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EU finance chiefs urge incoming UK PM to trigger Brexit
[BRUSSELS] European finance chiefs on Tuesday urged Britain's prime minister in waiting Theresa May on Tuesday to accelerate the country's timetable for Brexit, warning a delay could affect business confidence.
Meanwhile Jean-Claude Juncker's spokesman insisted that the European commission chief and former Luxembourg PM "can cope" with negotiations with May, who has been touted in London as a "bloody difficult woman."
In the latest moves to put pressure on Britain, European Commission economy chief Pierre Moscovici said Ms May should trigger her country's divorce from the EU as soon as possible after she takes office on Wednesday.
"The Conservative party went fast. (Prime Minister) David Cameron was supposed to be replaced in September, we are only July, so why lose those two months?" asked Mr Moscovici, who is France's representative in the Commission.
"It's possible that the process of the discussion with the European Union also accelerates. That's what I think a lot of people expect and hope and call for," he told reporters as he entered talks with the EU's finance ministers.
"It is important the political process can be accelerated in the UK so uncertainty can be lifted," Mr Moscovici added.
Mr Moscovici a day earlier warned that the negative effects of Brexit could knock growth significantly lower in Britain, as well as the EU and eurozone.
French Finance Minister Michel Sapin also urged May to hurry up following Britain's June 23 vote to leave the EU and said Paris would be "demanding".
"One of Europe's problems is the slow process of this decision. They must be very concrete and advance more quickly - that would be the best answer to Brexit," Mr Sapin said.
"Against the British, it could be a rough confrontation. We French will be one of the most demanding countries," he said, especially regarding the City of London's financial district's ability to trade in euros.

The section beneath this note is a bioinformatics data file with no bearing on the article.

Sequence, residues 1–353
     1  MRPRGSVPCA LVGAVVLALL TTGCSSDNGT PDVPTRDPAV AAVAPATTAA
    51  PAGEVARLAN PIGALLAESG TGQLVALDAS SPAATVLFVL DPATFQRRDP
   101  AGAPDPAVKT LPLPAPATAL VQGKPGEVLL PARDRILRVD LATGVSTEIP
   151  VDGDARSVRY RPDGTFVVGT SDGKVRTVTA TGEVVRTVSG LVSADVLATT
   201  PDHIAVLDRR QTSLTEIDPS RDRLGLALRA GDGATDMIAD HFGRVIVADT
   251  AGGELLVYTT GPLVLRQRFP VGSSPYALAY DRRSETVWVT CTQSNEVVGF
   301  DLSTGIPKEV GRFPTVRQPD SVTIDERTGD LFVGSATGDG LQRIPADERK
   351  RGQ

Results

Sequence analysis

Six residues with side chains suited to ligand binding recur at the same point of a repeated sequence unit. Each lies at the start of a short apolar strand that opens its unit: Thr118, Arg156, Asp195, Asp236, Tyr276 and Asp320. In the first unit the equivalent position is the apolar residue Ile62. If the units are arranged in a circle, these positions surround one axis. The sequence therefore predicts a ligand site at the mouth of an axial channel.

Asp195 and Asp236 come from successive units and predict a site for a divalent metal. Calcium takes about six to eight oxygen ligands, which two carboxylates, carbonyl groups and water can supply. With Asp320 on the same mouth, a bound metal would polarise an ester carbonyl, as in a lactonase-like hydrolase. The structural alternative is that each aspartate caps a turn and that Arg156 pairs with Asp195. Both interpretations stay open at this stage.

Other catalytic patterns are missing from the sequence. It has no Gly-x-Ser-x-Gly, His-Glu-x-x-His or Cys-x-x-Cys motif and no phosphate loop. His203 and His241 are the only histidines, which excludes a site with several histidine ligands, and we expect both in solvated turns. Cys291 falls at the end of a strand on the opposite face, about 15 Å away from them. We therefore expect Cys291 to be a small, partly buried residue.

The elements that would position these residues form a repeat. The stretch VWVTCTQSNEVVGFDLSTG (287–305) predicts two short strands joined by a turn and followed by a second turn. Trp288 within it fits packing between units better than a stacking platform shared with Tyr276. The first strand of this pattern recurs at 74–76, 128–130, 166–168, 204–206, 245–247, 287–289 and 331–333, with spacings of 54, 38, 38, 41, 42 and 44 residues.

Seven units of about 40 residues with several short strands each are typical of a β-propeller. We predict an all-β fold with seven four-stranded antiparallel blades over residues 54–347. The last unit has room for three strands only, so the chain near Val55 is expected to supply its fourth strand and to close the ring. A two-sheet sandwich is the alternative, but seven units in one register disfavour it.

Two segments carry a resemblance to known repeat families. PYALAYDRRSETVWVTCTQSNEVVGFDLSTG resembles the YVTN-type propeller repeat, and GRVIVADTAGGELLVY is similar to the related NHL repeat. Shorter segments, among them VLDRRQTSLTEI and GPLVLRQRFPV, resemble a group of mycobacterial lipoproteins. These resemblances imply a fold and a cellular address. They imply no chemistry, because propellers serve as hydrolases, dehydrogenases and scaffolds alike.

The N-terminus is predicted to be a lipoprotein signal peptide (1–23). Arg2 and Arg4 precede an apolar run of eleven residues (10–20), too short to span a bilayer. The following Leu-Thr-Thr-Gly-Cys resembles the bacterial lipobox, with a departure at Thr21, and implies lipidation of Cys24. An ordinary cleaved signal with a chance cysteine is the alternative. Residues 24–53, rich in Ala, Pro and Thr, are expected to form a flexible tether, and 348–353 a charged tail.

Mr Sapin hit out at Britain's "total lack of preparation" for Brexit and "lack of understanding of the mechanisms".
Eurogroup head Jeroen Dijsselbloem, the Dutch finance minister, said markets were worried about "uncertainty".
"So I would say it is in the UK's interest to get clarity as soon as possible on its future relations (with the EU)," he added.
Their comments came hours after German Chancellor Angela Merkel urged May to "quickly" clarify what kind of future relationship it wants with the EU.
Ms Merkel met in Berlin with Irish Prime Minister Enda Kenny, who also said he "would not favour... a prolonged period" for Britain to trigger Article 50 - the treaty procedure to exit the Union.
EU leaders have refused to negotiate on trade and other ties after Brexit until Britain formally triggers Article 50 but May says she will not do this until next year at the earliest.
Meanwhile, Mr Juncker's spokesman Margaritis Schinas joked that the Commission chief would not quail at being opposite Ms May at the Brexit negotiating table.
Mr Schinas referred indirectly to the phrase "a bloody difficult woman," used last week by senior British conservative Kenneth Clarke to describe Ms May. The incoming prime minister reportedly told British MPs, "The next person to find that out will be Jean-Claude Juncker."
"The famous sentence you attribute to the new British prime minister was sort of humorous," said Mr Schinas.
"So I will answer in the same vein - I'm sure Jean-Claude Juncker can cope."
For more coverage of the EU referendum, visit bt.sg/BrexiT